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Journalistic Writing

ALL ABOUT WORDS:HOW WORDS ARE FORMED?:SUFFIXES

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Journalistic Writing ­ MCM310
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LECTURE 8
ALL ABOUT WORDS
WHAT ARE WORDS MADE OF?
The study of structure of words is called MORPHOLOGY. Look at this sentence:
"The plogs glorped bliply"
MORPHEMES: a morpheme is the smallest linguistic unit that has semantic meaning.
One morpheme: dog, elephant, child
Two morphemes: dog s, elephant s, child ish.
Three morphemes: child ish ness
Six morphemes: anti-dis-establish-ment-arian-ism
Free Morpheme: This can stand alone. E.g. dog, elephant, child, etc.
Bound Morpheme: This can't stand alone. E.g. s, ish, ness, ism, etc
HOW WORDS ARE FORMED?
Word forms
Portmanteau words
Prefixes
Suffixes
Compounding
WORDS FORMS:
WORD FORMS: noun, verb, adjective, and adverb. E.g. decide
We must come to a decision soon.
We beat them decisively.
He can never make up his mind. He is indecisive.
Some more examples:
Beauty = beautiful, beautician, beautify
Pay = payment, payable, payee
Receive = receptionist, receipt, receptive
Hero = heroism, heroically, heroin
Describe = descriptive, description, indescribable
Sense = sensation, insensitive, senseless,
Explain = explanatory, inexplicable
Prophecy = prophet, prophecy
Famous = fame, infamous, infamy
Enthusiasm = Enthusiastically, Enthusiast, enthuse
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PORTMANTEAU: Portmanteau is one derived by combining portions of two or more separate words.
They are blend of two words. So there are two meanings packed into one
Oxbridge = Oxford + Cambridge
Because = by + cause
Brunch = Breakfast + lunch
Camcorder = camera + recorder
Email = electronic + mail
Fortnight = fourteen + nights
Hassle = haggle + tussle
Intercom = internal + communication
PREFIXES: A prefix is placed at the beginning of a word to modify or change its meaning. This is a list
of the most common prefixes in English, together with their basic meaning and some examples. You can
find more detail or precision for each prefix in any good dictionary. The origins of words are extremely
complicated. You should use this list as a guide only, to help you understand possible meanings. But be
very careful, because often what appears to be a prefix is not a prefix at all. Note also that this list does not
include elements like "auto-" or "bio-", because these are "combining forms", not prefixes.
Prefix
Meaning
Examples
a-
also an-
not, without
atheist, anaemic
a-
to, towards
aside, aback
in the process of, in a
a-hunting, aglow
particular state
a-
of
anew
completely
abashed
ab-
also abs-
away, from
abdicate, abstract
ad-
also a-, ac-, af-, ag-
movement to, change
advance, adulterate, adjunct, ascend, affiliate, affirm,
al-, an-, ap-, at-
into,  addition  or
aggravate, alleviate, annotate, apprehend, arrive,
as-, at-
increase
assemble, attend
ante-
before, preceding
antecedent, ante-room
anti-
also ant-
opposing, against, the
anti-aircraft, antibiotic, anticlimax, Antarctic
opposite
be-
all over, all around
bespatter, beset
completely
bewitch, bemuse
having, covered with
bejewelled
affect with (added to
befog
nouns)
cause to be (added to
becalm
adjectives)
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com-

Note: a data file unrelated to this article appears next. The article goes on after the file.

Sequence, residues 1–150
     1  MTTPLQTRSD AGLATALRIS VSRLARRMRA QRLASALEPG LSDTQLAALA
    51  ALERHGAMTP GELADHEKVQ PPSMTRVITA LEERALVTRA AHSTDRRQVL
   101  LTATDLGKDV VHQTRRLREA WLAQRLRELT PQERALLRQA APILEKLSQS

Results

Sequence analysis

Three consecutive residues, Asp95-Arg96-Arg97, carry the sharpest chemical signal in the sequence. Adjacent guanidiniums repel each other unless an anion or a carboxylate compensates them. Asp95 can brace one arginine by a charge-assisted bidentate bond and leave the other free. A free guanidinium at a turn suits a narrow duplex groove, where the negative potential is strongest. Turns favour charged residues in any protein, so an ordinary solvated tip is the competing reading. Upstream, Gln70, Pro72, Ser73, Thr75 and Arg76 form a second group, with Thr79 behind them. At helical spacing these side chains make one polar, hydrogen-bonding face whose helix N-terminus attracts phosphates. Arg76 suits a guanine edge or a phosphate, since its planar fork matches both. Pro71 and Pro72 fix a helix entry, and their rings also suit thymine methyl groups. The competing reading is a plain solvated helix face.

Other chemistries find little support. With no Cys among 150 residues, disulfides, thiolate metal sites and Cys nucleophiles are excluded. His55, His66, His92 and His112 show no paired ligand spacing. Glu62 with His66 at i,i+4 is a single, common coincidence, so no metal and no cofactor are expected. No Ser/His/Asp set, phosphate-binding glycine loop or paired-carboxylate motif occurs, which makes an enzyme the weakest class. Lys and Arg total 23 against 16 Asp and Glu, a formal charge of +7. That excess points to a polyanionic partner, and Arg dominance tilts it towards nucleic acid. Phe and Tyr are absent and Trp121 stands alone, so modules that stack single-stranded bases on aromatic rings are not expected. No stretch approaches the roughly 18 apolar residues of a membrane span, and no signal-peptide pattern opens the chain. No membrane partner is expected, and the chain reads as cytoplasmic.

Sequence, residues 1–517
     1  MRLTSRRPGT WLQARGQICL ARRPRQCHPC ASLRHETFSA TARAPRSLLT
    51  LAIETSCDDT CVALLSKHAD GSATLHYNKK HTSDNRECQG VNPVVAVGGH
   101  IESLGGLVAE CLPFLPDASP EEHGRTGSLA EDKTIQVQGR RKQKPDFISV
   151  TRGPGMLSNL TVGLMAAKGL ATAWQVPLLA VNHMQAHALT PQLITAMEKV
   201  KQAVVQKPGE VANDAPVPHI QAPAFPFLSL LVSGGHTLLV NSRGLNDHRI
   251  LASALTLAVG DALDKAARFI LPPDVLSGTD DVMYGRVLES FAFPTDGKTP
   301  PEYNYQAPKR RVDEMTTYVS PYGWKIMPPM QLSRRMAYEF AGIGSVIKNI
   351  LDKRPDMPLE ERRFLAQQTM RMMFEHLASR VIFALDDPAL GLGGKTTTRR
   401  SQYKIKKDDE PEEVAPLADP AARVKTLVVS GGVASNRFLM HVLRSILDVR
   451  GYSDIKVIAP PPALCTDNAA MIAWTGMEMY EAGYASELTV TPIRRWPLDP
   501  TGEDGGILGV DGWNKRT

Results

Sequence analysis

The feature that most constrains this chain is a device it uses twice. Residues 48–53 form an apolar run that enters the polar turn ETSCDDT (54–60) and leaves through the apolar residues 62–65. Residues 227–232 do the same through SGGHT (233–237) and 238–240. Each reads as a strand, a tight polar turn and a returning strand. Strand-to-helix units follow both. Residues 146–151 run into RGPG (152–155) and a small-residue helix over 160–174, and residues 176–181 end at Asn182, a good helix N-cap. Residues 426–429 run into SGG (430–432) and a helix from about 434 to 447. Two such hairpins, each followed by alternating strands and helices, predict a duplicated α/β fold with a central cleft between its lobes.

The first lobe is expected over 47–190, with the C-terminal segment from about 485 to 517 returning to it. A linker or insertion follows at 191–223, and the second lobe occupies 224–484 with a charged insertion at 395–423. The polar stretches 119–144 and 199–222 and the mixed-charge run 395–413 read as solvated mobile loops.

also co-, col-, con-
with,
jointly,
combat, codriver, collude, confide, corrode
, cor-
completely
contra-
against, opposite
contraceptive
counter-
opposition, opposite
counter-attack, counteract
direction
de-
down, away
descend, despair, depend, deduct
completely
denude, denigrate
removal, reversal
de-ice, decamp
dia-
also di-
through, across
diagonal
dis-
also di-
negation,
removal,
disadvantage, dismount, disbud, disbar
expulsion
en-
also em-
put into or on
engulf, enmesh
bring
into
the
enlighten, embitter
condition of
intensification
entangle, enrage
ex-
also e-, ef-
out
exit, exclude, expand
upward
exalt, extol
completely
excruciate, exasperate
previous
ex-wife
extra-
outside, beyond
extracurricular
hemi-
half
hemisphere
hyper-
beyond, more than,
hypersonic, hyperactive
more than normal
hypo-
under
hypodermic, hypothermia
in-
also il-, im-
not, without
infertile, inappropriate, impossible
also il-, im-, ir-
in,  into,
towards,
influence, influx, imbibe
inside
infra-
below
infrared, infrastructure
inter-
between, among
interact, interchange
intra-
inside, within
intramural, intravenous
non-
absence, negation
non-smoker, non-alcoholic
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ob-
also oc-, of-, op-
blocking,
against,
obstruct, occult, offend, oppose
concealing
out-
surpassing, exceeding
outperform
external, away from
outbuilding, outboard
over-
excessively,
overconfident, overburdened, overjoyed
completely
upper,
outer,
over,
overcoat, overcast
above
peri-
round, about
perimeter
post-
after in time or order
postpone
pre-
before in time, place,
pre-adolescent, prelude, precondition
order or importance
pro-
favouring, in support
pro-African
of
acting for
proconsul
motion forwards or
propulsion
away
before in time, place
prologue
or order
re-
again
repaint, reappraise, reawake
semi-
half, partly
semicircle, semi-conscious
sub-
also  suc-,  suf-,
at a lower position
submarine, subsoil
sug-, sup-, sur-,
lower in rank
sub-lieutenant
sus-
nearly, approximately
sub-tropical
syn-
also sym-
in
union,
acting
synchronize, symmetry
together
trans-
across, beyond
transnational, transatlantic
into a different state
translate
ultra-
beyond
ultraviolet, ultrasonic
extreme
ultramicroscopic
un-
not
unacceptable, unreal, unhappy, unmanned